Understanding the different types of fires and appropriate extinguishing techniques is essential for effective fire damage control and smoke damage restoration. Remember, every second counts during a fire incident, so always prioritize the safety of yourself and others. If a fire occurs, follow the appropriate extinguishing methods mentioned above. After ensuring everyone's safety, contact fire remediation experts like SERVPRO® to assess the damage, provide professional restoration services, and restore your property to its pre-damage condition, ensuring a smooth recovery from the fire incident.

Different Types of Fires and How to Extinguish Them

12/13/2023 (Permalink)

Kitchen with fire damage. Did you know that fires come in various forms?

Did you know that fires come in various forms? Knowing how to properly extinguish them is essential for your safety and that of your property. Understanding the different classes of fires and the suitable extinguishing methods can make a significant difference during an emergency. In this blog, we'll explore the various types of fires and the best ways to extinguish them, so you can be prepared to take swift and effective action when needed.

Class A Fire: Combustible Materials

Class A fires involve common combustible materials like wood, paper, cloth, and plastics. These are some of the most frequent fires encountered in homes and businesses. To extinguish them:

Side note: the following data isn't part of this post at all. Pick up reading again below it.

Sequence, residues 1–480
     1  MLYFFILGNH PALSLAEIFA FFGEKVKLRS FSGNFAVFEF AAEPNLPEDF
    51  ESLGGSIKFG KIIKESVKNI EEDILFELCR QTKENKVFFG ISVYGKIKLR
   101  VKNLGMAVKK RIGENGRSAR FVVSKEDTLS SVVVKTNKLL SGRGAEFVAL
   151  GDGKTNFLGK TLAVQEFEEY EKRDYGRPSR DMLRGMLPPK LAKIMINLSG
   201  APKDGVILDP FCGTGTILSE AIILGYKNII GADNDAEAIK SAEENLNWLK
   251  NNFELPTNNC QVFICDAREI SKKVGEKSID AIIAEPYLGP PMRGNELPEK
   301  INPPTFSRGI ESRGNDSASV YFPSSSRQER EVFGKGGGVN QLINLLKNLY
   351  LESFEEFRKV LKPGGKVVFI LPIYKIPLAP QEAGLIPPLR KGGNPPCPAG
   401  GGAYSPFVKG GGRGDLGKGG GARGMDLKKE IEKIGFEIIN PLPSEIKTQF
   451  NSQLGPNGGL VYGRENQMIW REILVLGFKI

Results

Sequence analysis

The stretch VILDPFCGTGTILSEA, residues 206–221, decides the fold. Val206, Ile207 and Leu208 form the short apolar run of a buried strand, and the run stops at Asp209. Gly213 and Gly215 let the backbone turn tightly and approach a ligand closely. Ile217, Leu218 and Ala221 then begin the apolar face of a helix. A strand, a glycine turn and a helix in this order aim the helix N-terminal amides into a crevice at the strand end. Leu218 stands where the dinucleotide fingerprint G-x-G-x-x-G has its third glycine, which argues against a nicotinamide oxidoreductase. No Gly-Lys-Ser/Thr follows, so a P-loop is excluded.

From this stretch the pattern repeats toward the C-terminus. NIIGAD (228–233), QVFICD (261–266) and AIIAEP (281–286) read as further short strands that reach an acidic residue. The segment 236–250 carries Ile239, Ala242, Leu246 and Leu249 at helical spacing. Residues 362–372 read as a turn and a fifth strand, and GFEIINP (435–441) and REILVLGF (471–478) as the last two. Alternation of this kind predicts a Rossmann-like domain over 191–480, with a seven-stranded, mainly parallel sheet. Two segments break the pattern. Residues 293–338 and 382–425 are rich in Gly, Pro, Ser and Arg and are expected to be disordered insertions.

Use Water, Powder, or Foam: Water, powder, and foam extinguishers are highly effective extinguishing agents for Class A fires. A steady stream directed onto the base of the flames can quickly smother and cool the fire, bringing it under control.

Class B Fire: Flammable Liquids and Gases

Class B fires encompass flammable liquids and gases such as gasoline, oil, propane, and solvents. These fires are more challenging to extinguish than Class A fires due to the combustible nature of the materials involved. To extinguish them:

Use a Fire Extinguisher: For Class B fires, it's crucial to use specialized fire extinguishers designed to smother the flames. CO2 extinguishers, foam extinguishers, or dry chemical extinguishers are suitable options. These agents work by removing the oxygen and interrupting the fire's chemical reaction.

Class C Fire: Electrical Fires

Class C fires involve electrical equipment or wiring. Using water or traditional extinguishers is not safe for these fires, as it can lead to electric shock and further hazards. To extinguish them:

  1. De-energize Electrical Sources: The primary step in tackling a Class C fire is to shut off the power source. Cutting off the electricity supply eliminates the fire's fuel source.
  2. Use a Class C-rated Fire Extinguisher: Once the power source is off, you can use a Class C-rated fire extinguisher. These extinguishers contain non-conductive agents that can safely extinguish electrical fires.

Class D Fire: Combustible Metals

Class D fires involve combustible metals like magnesium, lithium, and titanium, commonly found in industrial settings. These fires can be particularly challenging to extinguish. To extinguish them:

Use a Specialty Extinguisher: Class D fires require a special dry powder extinguisher designed for metal fires. These extinguishers are essential in environments where metal machining and production take place.